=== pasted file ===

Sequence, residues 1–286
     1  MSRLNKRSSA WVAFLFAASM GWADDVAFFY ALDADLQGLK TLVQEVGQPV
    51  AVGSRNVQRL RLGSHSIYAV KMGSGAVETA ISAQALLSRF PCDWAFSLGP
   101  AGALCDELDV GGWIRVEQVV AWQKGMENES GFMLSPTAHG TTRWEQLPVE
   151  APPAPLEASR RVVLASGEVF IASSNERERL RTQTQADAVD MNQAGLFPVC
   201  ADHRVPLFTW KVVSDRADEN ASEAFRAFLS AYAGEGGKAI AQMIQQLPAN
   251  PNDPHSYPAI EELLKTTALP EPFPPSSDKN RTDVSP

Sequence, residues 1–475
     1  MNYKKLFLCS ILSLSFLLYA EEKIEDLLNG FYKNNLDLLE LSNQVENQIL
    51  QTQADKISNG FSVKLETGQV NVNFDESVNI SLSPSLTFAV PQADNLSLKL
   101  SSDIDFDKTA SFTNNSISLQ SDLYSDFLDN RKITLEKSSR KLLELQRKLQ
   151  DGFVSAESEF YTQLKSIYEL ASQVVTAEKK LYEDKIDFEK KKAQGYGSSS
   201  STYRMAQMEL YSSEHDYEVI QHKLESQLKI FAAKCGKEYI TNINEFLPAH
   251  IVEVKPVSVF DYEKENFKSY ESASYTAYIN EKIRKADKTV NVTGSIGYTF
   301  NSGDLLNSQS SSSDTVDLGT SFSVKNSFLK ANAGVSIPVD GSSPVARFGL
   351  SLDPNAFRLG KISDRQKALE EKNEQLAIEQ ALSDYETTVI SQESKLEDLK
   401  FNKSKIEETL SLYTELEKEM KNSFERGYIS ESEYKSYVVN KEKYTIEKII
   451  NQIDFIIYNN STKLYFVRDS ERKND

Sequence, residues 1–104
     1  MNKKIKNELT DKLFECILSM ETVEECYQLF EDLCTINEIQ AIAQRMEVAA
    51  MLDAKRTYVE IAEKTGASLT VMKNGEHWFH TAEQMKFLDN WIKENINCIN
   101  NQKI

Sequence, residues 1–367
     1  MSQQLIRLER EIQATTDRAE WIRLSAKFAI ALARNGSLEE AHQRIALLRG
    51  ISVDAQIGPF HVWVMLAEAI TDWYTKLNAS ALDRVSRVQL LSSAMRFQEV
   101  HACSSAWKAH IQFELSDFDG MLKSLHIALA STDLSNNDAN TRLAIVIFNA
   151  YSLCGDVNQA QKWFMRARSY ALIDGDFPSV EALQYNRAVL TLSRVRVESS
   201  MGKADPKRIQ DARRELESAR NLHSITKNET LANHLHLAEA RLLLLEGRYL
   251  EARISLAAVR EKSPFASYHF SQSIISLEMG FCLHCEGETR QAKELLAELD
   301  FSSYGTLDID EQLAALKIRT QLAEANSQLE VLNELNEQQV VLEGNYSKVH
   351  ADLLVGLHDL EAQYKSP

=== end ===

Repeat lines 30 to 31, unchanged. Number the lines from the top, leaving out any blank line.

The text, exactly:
   301  FSSYGTLDID EQLAALKIRT QLAEANSQLE VLNELNEQQV VLEGNYSKVH
   351  ADLLVGLHDL EAQYKSP